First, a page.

Determining Transition State Geometries in Liquids Using 2D-IR Page: 1 of 35
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Determining transition state geometries in liquids using 2D-IR
James F. Cahoon, Karma R. Sawyer,* Jacob P. Schlegel,* and Charles B. Harrist
Many properties of chemical reactions are determined by the transition state connecting reactant
and product, yet it is difficult to directly measure any information on these short-lived structures in
liquids. We show that two dimensional infrared (2D-IR) spectroscopy provides direct information on
transition states by tracking the transformation of vibrational modes as a molecule crosses a
transition state. We successfully monitored a simple chemical reaction, the fluxional rearrangement
of Fe(CO)5; the exchange of axial and equatorial CO ligands causes an exchange of vibrational
energy between the normal modes of the molecule. This energy transfer provides direct evidence for
the time-scale, transition state, and mechanism of the reaction.
One-sentence summary: Ultrafast two-dimensional infrared spectroscopy is used to determine the time-
scale and transition state of a simple chemical reaction, the exchange of carbonyls in Fe(CO)5.
Transition states determine many properties of chemical reactions, yet there are limited experimental
methods to directly probe the details of transition state geometries and symmetries in liquids. Molecular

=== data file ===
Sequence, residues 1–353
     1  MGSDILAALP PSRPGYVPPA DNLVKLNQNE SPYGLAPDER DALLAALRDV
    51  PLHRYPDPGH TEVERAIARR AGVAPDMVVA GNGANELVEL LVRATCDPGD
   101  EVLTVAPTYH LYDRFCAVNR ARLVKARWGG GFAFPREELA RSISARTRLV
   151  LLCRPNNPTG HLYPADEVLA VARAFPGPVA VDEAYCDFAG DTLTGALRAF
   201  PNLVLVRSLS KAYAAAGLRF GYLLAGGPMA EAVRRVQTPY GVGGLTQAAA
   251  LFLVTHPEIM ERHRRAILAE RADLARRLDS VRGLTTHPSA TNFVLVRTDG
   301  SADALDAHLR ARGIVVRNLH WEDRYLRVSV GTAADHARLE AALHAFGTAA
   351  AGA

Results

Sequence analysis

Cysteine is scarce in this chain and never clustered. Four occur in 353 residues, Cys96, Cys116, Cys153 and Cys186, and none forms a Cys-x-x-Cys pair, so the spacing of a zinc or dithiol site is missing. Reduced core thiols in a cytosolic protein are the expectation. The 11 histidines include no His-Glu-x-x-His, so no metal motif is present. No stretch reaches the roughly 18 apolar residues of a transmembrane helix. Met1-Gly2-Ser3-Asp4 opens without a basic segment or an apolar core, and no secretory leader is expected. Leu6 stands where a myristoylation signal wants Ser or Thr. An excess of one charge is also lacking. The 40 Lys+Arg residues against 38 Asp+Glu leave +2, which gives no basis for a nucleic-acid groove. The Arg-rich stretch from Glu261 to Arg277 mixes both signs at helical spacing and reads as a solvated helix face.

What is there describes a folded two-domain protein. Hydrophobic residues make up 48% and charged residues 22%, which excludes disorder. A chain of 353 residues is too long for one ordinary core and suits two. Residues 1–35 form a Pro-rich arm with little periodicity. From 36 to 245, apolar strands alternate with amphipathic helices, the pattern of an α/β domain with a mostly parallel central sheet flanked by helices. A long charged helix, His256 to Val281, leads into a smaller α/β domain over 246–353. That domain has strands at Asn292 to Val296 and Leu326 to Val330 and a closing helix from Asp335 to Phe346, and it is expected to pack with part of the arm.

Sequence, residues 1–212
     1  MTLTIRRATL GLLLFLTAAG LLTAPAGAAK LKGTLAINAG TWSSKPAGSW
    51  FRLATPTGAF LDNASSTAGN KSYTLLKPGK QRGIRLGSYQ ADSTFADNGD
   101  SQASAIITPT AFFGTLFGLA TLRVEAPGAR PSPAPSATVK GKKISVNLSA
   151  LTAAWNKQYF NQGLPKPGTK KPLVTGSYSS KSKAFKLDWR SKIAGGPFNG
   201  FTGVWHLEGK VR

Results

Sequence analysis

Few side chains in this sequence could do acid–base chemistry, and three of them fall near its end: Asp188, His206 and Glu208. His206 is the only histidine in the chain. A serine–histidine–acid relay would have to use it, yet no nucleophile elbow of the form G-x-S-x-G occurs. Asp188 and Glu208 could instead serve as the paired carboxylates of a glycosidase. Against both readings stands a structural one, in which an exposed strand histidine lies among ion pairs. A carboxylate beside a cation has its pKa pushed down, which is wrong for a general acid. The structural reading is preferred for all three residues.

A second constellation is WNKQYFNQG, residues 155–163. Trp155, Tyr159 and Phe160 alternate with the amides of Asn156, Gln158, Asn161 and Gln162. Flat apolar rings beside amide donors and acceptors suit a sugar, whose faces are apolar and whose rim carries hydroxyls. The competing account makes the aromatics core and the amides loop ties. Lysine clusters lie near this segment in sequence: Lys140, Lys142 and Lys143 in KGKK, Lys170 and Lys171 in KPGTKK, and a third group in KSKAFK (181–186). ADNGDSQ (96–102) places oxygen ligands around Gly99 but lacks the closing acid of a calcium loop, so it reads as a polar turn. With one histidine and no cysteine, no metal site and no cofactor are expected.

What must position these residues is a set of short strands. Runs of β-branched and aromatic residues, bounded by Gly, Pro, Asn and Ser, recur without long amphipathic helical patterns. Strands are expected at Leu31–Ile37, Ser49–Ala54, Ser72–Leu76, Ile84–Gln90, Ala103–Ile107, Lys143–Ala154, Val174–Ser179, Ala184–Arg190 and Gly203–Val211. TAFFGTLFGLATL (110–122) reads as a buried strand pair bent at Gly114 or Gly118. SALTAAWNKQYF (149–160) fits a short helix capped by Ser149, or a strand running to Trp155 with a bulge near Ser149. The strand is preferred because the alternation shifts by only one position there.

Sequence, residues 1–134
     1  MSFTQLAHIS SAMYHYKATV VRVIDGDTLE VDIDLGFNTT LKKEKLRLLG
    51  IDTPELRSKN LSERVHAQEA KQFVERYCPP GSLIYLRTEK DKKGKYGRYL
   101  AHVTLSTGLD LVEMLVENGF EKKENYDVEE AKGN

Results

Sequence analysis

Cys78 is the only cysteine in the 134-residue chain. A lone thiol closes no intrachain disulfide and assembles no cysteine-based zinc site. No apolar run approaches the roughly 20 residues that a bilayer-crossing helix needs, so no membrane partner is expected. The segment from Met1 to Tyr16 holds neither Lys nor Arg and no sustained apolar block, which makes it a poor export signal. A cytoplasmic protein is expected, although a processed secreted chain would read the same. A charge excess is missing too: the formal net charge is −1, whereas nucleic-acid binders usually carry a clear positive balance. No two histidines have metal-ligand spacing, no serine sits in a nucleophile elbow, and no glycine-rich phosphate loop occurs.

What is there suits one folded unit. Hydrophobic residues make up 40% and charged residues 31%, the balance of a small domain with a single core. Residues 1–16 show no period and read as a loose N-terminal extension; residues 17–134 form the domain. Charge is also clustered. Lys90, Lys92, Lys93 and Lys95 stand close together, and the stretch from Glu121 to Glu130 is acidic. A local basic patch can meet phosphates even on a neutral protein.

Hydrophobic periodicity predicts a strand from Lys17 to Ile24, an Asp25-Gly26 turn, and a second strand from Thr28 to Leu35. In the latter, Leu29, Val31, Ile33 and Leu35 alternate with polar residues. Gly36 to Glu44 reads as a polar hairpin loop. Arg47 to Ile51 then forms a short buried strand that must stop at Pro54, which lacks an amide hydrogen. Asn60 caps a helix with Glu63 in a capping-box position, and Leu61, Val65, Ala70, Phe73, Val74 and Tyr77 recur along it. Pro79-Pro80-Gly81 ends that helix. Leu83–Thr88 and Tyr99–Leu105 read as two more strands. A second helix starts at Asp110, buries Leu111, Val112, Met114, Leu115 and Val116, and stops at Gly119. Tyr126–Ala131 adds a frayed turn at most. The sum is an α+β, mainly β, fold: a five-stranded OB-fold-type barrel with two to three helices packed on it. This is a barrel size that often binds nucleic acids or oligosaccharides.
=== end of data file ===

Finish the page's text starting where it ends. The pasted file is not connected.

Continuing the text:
structures primarily reflect local minima on a potential energy surface and chemical reactions occur only
during brief excursions up and over transition states on these surfaces. The excursions are short-lived,
greatly complicating any measure of their properties. Most methods with sufficient time resolution rely on
photoinitiation of a chemical reaction and provide information on the intermediates formed during the
course of the reaction rather than direct information on transition state structures (1).
Here, we demonstrate that ultrafast two dimensional infrared (2D-IR) spectroscopy provides evidence
for the transition state involved in a simple thermal chemical reaction, the fluxionality of Fe(CO)5.
Fluxionality refers to the rearrangement of a molecule between chemically indistinguishable structures.
These reactions produce no net change in molecular structure, yet they are important for understanding the
basic chemical behavior and reactivity of molecules in solution.
Department of Chemistry, University of California, Berkeley, California 94720, and Chemical Sciences
Division, Lawrence Berkeley National Laboratory, Berkeley, California 94720
* These authors contributed equally and are listed alphabetically
t corresponding author email address: firstname.lastname@example.org
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Harris, Charles; Cahoon, James F.; Sawyer, Karma R.; Schlegel, Jacob P. & Harris, Charles B. Determining Transition State Geometries in Liquids Using 2D-IR, article, December 11, 2007; Berkeley, California. (digital.library.unt.edu/ark:/67531/metadc893986/m1/1/: accessed October 16, 2018), University of North Texas Libraries, Digital Library, digital.library.unt.edu; crediting UNT Libraries Government Documents Department.